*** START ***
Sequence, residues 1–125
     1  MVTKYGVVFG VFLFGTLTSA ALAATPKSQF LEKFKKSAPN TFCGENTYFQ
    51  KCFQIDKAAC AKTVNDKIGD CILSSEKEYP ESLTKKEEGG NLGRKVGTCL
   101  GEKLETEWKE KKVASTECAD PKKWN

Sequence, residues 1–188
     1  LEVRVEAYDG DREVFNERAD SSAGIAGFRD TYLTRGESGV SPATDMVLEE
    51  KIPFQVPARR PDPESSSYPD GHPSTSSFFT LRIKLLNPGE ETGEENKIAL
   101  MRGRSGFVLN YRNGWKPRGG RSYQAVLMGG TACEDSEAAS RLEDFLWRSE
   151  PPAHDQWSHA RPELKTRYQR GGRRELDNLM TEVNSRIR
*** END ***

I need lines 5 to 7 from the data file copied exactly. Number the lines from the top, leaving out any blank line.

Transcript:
Sequence, residues 1–188
     1  LEVRVEAYDG DREVFNERAD SSAGIAGFRD TYLTRGESGV SPATDMVLEE
    51  KIPFQVPARR PDPESSSYPD GHPSTSSFFT LRIKLLNPGE ETGEENKIAL